Author: Guido Helbling, Avosound - Last updated November 09, 2017
In March 2016 we spent four weeks traveling through Myanmar, encountering exciting locations and fascinating people.
I am a field recordist by trade, which is why you will find the odd sound recording embedded in this article. But apart from lugging around recording gear on top of all the other baggage, I am just like any 'normal' [ insert your own term for anyone not into sound recording ] traveler -- except I would probably get bored if I didn't have to chase after interesting sounds on holiday!
The rough idea was to travel by train from Yangon via Mandalay (and over the Goteik viaduct) to the Shan state and, possibly, to trek into the Hsipaw jungle. The Inle lake is also a must-see when traveling through Myanmar.
Then we were undecided whether to travel north or west. Visiting Bagan is a must, as it's one of the most important historical sites in Asia (apart from Angkor Wat), so we decided to go there and do a little detour to Mrauk-U as well.
Sound recording: Yangon side street atmosphere with lots of market vendors - I wonder what the message on the PA system actually means?
Picture: the impressive temples of the old king's city Mrauk U look very different than other temples in Burma.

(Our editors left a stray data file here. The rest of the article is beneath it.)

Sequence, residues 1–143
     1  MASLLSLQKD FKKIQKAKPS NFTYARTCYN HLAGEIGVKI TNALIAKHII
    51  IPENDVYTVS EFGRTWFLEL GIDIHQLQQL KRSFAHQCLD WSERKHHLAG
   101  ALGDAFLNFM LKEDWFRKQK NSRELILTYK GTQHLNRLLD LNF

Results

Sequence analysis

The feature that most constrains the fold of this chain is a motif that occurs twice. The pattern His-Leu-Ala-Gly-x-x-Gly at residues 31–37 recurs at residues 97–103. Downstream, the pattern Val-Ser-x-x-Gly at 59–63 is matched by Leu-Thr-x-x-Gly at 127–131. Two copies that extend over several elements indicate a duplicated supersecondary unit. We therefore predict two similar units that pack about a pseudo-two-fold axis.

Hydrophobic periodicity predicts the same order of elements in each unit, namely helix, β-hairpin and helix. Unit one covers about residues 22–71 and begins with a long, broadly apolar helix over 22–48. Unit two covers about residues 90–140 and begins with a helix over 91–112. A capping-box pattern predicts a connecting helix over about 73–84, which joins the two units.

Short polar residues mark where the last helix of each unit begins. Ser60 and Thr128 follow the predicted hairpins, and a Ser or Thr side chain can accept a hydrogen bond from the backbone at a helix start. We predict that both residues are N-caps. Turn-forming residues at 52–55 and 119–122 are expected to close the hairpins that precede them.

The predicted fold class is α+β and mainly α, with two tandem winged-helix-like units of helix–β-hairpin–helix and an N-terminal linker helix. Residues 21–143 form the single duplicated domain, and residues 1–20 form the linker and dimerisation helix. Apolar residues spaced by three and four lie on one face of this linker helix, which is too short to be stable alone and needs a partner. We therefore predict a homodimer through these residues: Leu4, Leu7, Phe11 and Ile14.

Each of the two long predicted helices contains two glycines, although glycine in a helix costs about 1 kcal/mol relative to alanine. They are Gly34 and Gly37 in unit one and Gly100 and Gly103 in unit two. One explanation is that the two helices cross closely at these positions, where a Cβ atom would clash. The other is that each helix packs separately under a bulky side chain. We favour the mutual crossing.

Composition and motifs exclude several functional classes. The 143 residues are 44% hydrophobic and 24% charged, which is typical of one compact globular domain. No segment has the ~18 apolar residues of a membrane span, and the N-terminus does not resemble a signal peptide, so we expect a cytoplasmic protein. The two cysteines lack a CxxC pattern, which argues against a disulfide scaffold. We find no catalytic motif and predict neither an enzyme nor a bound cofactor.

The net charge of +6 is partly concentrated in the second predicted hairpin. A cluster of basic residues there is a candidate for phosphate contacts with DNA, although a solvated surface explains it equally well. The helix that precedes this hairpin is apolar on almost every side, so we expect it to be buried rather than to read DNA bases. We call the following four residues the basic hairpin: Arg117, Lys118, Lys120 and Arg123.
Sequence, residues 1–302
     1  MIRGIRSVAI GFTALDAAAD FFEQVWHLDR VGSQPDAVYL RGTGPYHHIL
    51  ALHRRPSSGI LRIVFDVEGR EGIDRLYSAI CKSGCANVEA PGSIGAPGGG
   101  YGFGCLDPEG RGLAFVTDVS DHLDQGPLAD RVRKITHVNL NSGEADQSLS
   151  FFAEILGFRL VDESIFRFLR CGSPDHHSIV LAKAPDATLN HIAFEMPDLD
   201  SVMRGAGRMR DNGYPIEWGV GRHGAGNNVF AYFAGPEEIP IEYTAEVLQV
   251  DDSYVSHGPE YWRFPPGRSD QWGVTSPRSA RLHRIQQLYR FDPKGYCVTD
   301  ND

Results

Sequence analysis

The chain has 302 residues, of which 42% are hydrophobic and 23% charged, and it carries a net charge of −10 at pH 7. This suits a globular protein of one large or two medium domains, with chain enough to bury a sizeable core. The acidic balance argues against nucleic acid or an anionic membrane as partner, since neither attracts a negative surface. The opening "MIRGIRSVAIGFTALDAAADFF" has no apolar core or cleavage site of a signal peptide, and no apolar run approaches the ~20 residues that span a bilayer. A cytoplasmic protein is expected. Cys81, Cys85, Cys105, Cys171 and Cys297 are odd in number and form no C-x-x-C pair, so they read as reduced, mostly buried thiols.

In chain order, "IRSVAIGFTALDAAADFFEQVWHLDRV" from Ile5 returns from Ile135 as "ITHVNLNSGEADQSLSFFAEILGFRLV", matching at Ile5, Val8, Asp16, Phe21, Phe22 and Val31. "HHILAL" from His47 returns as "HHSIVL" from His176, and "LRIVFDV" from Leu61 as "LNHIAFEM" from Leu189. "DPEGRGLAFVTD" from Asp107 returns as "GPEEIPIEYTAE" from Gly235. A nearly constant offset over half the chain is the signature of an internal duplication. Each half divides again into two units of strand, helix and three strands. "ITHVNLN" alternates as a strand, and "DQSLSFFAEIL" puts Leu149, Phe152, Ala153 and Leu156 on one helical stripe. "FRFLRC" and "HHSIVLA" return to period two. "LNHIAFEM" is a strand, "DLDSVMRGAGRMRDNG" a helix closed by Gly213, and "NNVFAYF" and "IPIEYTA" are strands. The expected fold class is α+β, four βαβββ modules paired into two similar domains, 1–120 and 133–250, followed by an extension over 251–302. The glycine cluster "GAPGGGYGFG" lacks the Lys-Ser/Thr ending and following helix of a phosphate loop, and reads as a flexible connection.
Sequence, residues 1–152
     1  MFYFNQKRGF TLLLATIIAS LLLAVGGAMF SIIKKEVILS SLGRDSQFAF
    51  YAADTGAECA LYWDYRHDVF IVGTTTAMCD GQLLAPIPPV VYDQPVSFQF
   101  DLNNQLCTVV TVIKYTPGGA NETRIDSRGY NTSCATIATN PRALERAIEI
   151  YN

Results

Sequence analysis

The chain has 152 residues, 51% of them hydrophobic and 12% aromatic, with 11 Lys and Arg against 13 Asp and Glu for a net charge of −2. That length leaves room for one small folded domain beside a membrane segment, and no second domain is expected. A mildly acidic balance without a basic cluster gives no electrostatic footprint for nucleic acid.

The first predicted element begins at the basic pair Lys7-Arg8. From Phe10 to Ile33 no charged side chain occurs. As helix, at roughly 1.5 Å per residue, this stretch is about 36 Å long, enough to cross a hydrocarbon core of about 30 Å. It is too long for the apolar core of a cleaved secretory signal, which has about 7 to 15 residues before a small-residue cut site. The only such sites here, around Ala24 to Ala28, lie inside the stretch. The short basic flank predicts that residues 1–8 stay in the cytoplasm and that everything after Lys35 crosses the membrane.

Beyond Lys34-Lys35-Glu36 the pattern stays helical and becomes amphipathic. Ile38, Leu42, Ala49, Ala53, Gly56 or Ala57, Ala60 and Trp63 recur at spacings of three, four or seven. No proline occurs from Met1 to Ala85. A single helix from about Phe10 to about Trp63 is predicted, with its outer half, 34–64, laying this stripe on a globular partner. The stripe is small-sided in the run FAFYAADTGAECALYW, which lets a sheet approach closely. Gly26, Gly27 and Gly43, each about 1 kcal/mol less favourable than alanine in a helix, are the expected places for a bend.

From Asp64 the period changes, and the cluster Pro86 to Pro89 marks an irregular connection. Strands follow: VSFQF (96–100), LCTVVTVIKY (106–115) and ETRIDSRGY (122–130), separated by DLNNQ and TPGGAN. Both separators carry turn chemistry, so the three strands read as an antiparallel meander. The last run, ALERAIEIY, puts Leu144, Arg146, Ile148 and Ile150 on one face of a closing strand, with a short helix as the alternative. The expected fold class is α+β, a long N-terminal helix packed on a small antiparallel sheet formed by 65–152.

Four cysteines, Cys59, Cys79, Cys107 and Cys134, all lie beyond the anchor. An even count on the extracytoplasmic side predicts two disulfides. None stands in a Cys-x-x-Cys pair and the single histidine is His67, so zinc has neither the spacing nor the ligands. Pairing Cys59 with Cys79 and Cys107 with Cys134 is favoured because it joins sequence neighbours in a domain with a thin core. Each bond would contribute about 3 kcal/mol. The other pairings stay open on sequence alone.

If you want to visit Mrauk U [ pronounced 'meouw-u', like the cat noise ] you will have to prepare yourself for a long bus ride. Our trip in a wood-cladded vehicle took almost 20 hours (despite the fact that our driver went nonstop, pedal to the metal). And this doesn't even include the six hours we spent waiting for the bus in a tea house in the middle of nowhere. While this is the sort of trip that would make an adventurers heart beat faster, it is not the ideal way of traveling for people who don't enjoy crossing mountain passes in a rusty old vehicle, stuck between suitcases, vegetables, kids and Burmese locals. There are more comfortable ways to travel from Sittwe to Mrauk U, namely by plane to Sittwe and then take the ferry to Mrauk U.
But let's start at the beginning...
Feeding pigeons apparently helps your karma. Sacred or not, they still tend to crap on your head, so don't forget to look up!
In the first part we dive headfirst into the crowded streets of Yangon. And we learn that it is better to walk on the bright tiles when visiting a pagoda (yes, darker colours get hotter in the sun!). We will also take a bus to Mandalay where we'll meet the king and Mr Take it Easy. Let's roll!
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